Getting Schooled in Chinese Culture
Posted by Grace Honig on 4/24/2017
During my first week and a half attending school in China I've noticed that the cultural differences I'd previously noticed during Spring Festival Break have carried over to the classroom, and greatly shaped the way classes operate and students interact with their teachers, and with other students. Some of these things I've really enjoyed being immersed in. Others, I've been through a small period of shock at, and prefer the culture at Newton South comparatively much more.
To get them out of the way, I'll begin with the things I haven't liked about Jingshan. First, though I'm sure this is on everyone else's list as well, the school day is just way too long. Most days it's scheduled to be 10 hours long, but Andrew, Alastair, Jacob, and my homeroom teacher has a running streak of keeping us past the end of the day (4:50) every single day so far, the current length record being 50 extra minutes. I have an hour commute to school each way, which leaves me at a total of 13 hours a day completely filled.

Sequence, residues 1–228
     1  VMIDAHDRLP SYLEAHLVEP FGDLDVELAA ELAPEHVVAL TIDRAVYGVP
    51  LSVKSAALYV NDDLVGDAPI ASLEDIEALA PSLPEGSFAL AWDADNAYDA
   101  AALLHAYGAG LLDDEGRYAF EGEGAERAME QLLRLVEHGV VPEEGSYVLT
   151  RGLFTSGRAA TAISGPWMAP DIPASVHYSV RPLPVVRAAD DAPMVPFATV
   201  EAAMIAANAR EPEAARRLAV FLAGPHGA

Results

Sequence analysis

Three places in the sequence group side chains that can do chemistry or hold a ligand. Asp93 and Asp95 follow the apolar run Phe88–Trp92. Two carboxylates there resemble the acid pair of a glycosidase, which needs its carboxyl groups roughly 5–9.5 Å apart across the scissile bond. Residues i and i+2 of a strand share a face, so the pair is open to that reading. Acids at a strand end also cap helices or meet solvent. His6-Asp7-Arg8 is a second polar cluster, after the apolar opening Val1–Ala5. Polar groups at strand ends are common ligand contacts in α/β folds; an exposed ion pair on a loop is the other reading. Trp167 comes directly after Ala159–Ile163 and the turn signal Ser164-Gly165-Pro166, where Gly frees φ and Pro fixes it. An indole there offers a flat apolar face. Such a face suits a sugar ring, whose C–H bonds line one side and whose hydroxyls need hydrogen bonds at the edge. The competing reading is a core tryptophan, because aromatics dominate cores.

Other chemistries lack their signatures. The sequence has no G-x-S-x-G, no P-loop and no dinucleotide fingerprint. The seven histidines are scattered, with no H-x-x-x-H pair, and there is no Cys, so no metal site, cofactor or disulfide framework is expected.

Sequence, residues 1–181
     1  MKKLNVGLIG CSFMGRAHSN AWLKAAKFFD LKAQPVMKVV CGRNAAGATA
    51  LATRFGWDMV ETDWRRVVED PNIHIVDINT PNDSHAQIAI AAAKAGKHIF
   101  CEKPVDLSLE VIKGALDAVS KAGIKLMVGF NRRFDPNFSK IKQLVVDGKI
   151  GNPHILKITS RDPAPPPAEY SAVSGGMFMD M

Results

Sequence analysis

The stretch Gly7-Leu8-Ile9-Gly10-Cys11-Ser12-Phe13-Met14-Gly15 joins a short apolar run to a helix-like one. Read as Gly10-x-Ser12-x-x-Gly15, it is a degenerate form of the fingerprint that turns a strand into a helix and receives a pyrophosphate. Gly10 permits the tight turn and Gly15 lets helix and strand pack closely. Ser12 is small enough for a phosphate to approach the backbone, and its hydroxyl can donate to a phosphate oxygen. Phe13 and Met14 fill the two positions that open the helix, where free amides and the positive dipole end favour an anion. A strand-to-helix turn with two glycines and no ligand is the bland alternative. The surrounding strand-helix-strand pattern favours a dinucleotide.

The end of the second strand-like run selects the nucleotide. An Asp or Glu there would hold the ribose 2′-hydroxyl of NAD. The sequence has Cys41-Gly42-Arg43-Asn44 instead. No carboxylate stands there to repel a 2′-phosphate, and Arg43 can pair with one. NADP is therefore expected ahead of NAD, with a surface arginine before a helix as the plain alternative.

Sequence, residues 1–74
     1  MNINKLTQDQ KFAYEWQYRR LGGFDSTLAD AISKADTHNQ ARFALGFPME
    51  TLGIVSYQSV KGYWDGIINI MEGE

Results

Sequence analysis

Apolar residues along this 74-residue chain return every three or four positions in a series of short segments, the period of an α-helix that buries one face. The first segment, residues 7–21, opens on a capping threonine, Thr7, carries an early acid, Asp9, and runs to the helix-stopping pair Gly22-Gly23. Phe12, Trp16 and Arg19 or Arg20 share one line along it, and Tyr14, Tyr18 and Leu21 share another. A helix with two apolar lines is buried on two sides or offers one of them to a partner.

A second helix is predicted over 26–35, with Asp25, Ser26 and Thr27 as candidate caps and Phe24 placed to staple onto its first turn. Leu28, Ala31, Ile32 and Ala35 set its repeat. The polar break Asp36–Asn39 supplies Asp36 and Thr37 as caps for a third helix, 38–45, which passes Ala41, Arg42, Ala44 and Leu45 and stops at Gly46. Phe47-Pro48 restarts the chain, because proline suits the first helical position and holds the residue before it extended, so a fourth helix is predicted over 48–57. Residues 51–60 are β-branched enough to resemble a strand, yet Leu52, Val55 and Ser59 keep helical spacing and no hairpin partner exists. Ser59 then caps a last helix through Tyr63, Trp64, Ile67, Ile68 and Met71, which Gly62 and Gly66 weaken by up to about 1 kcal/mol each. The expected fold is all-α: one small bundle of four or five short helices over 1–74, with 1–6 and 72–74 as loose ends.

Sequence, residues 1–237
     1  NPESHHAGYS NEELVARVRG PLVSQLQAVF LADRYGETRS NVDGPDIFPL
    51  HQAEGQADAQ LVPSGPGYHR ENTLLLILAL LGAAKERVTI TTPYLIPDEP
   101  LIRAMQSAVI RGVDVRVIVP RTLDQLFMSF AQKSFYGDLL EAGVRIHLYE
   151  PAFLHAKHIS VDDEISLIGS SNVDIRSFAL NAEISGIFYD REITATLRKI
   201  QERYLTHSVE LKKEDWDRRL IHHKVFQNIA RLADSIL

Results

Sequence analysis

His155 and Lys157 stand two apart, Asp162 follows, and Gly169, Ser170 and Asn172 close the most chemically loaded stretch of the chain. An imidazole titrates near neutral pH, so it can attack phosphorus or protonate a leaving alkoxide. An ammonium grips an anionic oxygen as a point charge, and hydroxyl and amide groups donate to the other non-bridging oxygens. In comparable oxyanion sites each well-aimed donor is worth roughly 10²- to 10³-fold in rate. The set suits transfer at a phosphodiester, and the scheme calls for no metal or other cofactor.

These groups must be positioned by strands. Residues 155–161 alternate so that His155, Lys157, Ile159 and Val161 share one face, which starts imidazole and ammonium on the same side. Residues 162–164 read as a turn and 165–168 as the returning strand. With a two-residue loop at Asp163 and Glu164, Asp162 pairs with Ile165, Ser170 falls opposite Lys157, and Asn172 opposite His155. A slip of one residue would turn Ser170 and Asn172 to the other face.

Many other students face the same challenge of having a long commute on top of a brutally long school day, so it doesn't surprise me in the slightest to see kids in my class struggling to keep their eyes open, and often falling asleep. Second, and this one I don't completely dislike, is that we're in the same room with the same people for the whole day. In my opinion this limits potential friendships as students in different classes aren't given the opportunity to mingle. The reason I'm not entirely against this is that it encourages a smaller circle of very close friends which lines up exactly to a cultural norm described in one of our required reading books "The Geography of Thought". The book compared the Western culture of having a weaker boundary between close friends and acquaintances as well as being more "removed" from the close friend circle we have, to the Chinese culture of having a huge gap between close friend and acquaintance, and being fully immersed in one's close friend circle. I believe that the Western idea of changing up who's in each class with you so you meet many different people and China's idea of establishing close connections with one group of kids, are the building blocks to fulfilling those cultural norms.